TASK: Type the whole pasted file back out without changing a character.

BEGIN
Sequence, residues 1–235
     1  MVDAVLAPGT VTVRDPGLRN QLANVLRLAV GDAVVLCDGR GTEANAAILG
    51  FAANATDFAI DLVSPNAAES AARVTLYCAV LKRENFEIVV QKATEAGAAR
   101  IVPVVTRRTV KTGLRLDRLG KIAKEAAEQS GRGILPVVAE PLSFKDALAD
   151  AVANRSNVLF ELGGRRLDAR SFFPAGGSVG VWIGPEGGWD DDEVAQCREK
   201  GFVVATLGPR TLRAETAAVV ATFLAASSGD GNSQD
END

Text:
Sequence, residues 1–235
     1  MVDAVLAPGT VTVRDPGLRN QLANVLRLAV GDAVVLCDGR GTEANAAILG
    51  FAANATDFAI DLVSPNAAES AARVTLYCAV LKRENFEIVV QKATEAGAAR
   101  IVPVVTRRTV KTGLRLDRLG KIAKEAAEQS GRGILPVVAE PLSFKDALAD
   151  AVANRSNVLF ELGGRRLDAR SFFPAGGSVG VWIGPEGGWD DDEVAQCREK
   201  GFVVATLGPR TLRAETAAVV ATFLAASSGD GNSQD